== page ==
What are the can’t-miss things to do when Orlando City fans visit a Revolution game?
SS: Gillette Stadium is in Foxboro, Massachusetts, and the only places you need to go in Foxboro are Gillette Stadium and Patriot Place, the big shopping center that surrounds the stadium. There are restaurants, bars (CBS Scene, Bar Louie, Toby Keith’s), and a Showcase Cinema de Luxe in that place, and I can tell you from personal experience that it’s a good spot.
If you mean Boston, which is often the city that is considered the Revs’ “city,” then there are an inhumanly large number of awesome places to go. When I lived there, I frequented the Fenway and Fanueil Hall neighborhoods, hitting such hotspots as Bleacher Bar, Jillian’s Lucky Strike, Sissy K’s, and the Black Rose. If you want a place with some character, try the Banshee in Dorchester, which is in Southie, but is also the main HQ of like half a dozen foreign supporters’ clubs of various teams, and where watch parties for USA matches are usually held. However, the most exciting and up-and-coming place to enjoy the nightlife in Boston these days is the Seaport district. I had one of the best meals of my life at Pastoral Artisan Pizza down that way, and the Trillium Brewery is in that area, as well as plenty of other bars and restaurants.
You could, of course, also mean Providence, where most of the Rebellion gathers. Providence is a restaurant and beer mecca these days, and you could get good eats at Harry’s Burger Bar, Vanity, and Los Andes, or you could enjoy the libations at Trinity Brewhouse, Wild Colonial, Wickenden Pub, and many, many more. If you’re around at the right time, stay the night and catch a Waterfire, it’s always a good time.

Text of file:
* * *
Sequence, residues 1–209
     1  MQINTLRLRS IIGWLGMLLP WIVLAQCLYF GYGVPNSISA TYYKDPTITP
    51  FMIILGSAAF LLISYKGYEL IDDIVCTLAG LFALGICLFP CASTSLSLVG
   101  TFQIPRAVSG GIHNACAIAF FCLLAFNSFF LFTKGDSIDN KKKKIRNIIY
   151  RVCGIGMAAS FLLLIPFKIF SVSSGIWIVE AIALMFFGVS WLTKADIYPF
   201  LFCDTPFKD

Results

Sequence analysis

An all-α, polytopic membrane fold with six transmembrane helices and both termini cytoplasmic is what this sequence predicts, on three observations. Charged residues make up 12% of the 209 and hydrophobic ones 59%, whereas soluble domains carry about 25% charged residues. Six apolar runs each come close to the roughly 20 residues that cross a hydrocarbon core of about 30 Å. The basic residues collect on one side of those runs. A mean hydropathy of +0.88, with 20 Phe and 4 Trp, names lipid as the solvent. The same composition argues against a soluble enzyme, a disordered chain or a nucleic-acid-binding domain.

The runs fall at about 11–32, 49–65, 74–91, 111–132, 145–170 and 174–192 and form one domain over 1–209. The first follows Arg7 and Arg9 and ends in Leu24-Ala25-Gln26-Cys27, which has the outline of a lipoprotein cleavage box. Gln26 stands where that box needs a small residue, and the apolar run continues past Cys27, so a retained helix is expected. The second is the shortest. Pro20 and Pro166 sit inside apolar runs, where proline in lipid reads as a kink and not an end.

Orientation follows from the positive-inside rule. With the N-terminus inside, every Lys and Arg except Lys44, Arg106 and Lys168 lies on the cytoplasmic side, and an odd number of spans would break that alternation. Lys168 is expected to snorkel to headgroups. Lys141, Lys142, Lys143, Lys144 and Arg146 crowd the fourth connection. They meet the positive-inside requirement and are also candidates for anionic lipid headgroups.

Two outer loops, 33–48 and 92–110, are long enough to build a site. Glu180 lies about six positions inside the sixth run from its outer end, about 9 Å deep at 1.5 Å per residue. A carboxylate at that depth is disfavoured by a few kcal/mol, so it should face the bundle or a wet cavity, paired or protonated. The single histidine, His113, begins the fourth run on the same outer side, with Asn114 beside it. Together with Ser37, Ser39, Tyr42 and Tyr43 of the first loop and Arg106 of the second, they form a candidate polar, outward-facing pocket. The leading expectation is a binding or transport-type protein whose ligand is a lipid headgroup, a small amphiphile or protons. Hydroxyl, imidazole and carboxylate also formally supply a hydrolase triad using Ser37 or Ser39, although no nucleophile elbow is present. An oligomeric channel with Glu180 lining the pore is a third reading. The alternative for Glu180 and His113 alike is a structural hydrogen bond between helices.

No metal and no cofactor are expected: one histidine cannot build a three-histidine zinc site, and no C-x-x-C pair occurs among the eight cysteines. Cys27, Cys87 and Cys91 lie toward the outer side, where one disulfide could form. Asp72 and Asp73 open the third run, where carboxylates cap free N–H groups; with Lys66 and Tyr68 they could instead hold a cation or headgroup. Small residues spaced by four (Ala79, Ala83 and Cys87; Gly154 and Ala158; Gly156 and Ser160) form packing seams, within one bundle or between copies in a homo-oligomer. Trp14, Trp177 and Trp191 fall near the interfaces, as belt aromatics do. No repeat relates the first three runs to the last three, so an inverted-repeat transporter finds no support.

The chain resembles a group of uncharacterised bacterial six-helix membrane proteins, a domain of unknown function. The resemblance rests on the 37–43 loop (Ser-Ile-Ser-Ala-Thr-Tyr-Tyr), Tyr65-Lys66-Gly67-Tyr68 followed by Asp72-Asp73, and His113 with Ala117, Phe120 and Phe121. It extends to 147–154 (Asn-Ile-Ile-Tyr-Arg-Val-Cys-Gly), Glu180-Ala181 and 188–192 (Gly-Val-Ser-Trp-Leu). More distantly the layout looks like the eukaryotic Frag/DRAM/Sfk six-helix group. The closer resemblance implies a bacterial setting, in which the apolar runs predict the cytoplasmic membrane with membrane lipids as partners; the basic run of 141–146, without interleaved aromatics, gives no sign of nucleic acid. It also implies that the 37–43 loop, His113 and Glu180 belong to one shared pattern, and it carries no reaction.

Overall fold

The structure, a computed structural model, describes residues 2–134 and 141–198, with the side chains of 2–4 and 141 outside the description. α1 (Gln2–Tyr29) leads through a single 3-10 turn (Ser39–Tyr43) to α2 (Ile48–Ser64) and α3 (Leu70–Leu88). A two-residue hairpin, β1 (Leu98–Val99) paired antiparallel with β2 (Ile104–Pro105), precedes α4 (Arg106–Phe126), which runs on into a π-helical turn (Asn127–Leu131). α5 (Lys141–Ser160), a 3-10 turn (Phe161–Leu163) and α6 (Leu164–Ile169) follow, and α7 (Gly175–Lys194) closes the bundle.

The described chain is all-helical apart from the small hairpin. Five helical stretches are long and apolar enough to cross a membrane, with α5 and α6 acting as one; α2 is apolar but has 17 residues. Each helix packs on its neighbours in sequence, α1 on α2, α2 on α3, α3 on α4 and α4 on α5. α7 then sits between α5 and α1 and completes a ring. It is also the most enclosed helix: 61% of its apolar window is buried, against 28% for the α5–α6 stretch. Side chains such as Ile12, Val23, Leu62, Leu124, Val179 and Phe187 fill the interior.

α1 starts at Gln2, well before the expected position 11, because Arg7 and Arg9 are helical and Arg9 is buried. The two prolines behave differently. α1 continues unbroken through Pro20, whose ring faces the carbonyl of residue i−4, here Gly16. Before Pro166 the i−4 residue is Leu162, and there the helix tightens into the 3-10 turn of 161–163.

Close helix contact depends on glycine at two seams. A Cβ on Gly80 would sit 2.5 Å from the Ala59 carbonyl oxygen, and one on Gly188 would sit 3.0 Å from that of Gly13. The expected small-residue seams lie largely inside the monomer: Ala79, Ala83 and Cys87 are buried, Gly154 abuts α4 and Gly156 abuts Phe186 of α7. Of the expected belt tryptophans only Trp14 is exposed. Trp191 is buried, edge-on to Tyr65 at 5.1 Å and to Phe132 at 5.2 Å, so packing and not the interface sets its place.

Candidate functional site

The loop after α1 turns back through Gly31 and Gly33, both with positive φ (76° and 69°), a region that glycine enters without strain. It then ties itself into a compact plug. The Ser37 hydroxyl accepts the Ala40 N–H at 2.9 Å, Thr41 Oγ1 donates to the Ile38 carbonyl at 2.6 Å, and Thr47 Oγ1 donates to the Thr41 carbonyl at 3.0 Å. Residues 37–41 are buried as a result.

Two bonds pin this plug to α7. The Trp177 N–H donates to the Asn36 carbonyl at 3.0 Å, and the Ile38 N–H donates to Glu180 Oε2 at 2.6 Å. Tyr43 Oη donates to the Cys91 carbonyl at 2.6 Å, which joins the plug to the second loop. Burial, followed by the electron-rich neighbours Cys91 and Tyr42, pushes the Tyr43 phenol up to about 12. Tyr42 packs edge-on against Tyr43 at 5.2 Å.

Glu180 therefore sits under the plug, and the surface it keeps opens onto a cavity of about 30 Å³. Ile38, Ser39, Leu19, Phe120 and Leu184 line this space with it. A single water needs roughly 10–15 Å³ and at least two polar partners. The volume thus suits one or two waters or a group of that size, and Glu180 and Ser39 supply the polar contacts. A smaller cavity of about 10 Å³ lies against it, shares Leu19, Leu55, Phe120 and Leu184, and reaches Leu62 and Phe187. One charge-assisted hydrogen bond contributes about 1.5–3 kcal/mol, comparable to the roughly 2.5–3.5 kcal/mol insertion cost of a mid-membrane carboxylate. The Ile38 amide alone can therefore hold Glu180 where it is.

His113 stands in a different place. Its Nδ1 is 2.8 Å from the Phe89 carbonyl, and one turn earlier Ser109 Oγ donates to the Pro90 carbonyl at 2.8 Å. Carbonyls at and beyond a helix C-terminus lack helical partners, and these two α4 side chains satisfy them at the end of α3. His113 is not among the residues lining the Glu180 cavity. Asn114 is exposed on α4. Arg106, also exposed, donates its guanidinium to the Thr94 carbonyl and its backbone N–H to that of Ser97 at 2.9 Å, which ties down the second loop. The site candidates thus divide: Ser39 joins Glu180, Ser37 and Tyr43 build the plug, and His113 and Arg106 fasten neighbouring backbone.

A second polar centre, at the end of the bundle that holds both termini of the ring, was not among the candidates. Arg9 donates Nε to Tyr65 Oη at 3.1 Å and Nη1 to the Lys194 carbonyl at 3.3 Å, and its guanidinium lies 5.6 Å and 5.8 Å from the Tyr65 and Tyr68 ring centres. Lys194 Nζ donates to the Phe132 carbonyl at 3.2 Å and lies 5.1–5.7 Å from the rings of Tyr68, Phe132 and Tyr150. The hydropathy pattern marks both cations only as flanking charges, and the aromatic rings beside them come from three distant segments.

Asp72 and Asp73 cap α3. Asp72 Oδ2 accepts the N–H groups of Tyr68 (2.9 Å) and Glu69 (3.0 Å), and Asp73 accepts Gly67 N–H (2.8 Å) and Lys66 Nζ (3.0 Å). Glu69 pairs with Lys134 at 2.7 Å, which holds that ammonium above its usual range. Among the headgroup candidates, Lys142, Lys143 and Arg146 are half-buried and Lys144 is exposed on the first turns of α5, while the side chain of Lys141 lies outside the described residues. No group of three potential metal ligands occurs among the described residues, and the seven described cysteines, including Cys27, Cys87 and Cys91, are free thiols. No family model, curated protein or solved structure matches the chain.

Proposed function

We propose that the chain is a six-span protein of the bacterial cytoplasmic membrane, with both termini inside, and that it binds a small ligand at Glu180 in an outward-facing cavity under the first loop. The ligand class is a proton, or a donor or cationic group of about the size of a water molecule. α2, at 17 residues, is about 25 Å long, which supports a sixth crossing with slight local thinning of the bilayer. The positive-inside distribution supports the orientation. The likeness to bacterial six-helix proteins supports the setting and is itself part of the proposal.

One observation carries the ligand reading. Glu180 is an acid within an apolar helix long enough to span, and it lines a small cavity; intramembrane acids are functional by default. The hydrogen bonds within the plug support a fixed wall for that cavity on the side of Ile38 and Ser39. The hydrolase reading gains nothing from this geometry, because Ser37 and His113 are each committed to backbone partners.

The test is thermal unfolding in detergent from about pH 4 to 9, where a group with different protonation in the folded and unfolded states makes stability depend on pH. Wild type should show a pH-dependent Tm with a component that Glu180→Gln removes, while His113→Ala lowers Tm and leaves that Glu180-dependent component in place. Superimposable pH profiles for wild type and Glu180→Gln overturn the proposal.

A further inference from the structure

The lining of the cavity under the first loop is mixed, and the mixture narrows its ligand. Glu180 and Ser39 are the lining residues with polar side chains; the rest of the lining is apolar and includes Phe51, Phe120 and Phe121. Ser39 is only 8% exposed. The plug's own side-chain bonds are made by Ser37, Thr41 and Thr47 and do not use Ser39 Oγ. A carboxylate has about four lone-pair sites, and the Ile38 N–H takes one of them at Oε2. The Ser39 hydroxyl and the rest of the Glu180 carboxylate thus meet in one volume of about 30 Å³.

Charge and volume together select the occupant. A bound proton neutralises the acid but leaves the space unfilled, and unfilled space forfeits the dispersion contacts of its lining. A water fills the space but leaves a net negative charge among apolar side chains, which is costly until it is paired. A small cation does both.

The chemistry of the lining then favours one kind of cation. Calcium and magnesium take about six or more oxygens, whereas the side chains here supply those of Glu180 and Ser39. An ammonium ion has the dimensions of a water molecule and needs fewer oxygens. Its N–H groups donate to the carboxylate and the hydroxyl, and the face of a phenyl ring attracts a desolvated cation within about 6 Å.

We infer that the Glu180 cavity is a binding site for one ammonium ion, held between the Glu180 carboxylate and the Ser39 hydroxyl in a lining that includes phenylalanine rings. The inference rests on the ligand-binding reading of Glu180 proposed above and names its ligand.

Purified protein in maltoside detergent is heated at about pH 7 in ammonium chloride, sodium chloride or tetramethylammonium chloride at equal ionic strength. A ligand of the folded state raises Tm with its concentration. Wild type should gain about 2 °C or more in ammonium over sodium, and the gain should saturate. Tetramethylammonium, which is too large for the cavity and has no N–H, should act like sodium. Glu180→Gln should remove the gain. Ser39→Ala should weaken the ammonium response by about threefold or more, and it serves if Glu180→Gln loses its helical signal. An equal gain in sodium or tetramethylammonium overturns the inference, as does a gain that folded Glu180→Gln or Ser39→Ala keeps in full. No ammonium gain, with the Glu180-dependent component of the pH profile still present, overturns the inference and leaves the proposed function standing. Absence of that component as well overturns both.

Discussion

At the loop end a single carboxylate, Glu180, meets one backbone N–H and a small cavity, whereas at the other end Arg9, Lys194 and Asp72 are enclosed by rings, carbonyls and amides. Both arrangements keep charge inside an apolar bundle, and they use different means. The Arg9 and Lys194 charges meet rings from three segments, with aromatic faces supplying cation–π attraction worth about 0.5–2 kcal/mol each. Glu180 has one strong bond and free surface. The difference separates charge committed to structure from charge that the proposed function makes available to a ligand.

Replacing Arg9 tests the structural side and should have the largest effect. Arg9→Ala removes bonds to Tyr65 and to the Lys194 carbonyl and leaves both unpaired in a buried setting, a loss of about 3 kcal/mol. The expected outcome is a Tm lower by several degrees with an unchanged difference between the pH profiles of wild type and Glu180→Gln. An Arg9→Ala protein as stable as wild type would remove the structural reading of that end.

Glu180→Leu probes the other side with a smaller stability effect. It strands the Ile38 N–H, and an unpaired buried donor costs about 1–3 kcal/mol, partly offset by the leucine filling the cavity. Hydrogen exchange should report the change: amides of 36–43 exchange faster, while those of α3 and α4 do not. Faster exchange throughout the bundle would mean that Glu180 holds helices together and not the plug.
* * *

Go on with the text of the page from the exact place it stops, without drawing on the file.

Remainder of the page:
There are no matchday traditions besides the tailgate. Don’t miss that. The Rebels and the Riders are most welcoming and know how to have a good time.
Who are the key players on New England’s roster that we should know about?
SS: I’d say Jermaine Jones qualifies, but I think you know all about him. He’s added steel, size, leadership, and technical ability to a midfield that was already dangerous, and he leads from the middle. Jose Goncalves is the team captain and probably the emotional core of the team. He is generally a calm presence toward opponents, but he knows exactly how to get a good response from his teammates and his defending is pure class. Lee Nguyen is a league MVP candidate. He’s the top-scoring midfielder in MLS and has been nothing short of unreal in 2014. Diego Fagundez is the young phenom who’s been taking the league by storm since his debut in 2011, but a down year this year has sort of spoiled that a bit. His talent is nevertheless undeniable. And then there are the other young guns like Kelyn Rowe, the midfield dynamo; Andrew Farrell, one of the bright young defensive stars in MLS; and A.J. Soares, now a veteran and another rock in the center of defense.
Which Revolution players do you think might get exposed in the upcoming MLS Expansion Draft?
SS: This is a tough question. You can only protect 10, after all. I’m sure some of the fringe players will be exposed, but there’s a core of about 14-15 players you would absolutely never want left available. I think rookies Patrick Mullins and Steve Neumann are in danger, as well as club favorite Chris Tierney and maybe young defensive midfielder Scott Caldwell. Teal Bunbury is at risk, I would think, as is Daigo Kobayashi, for sure. Like I said, it’s difficult to speculate right now.
Thanks so much to Steve for providing all the requisite background on the Revolution. We look forward to getting a good healthy hate going for New England starting in 2015.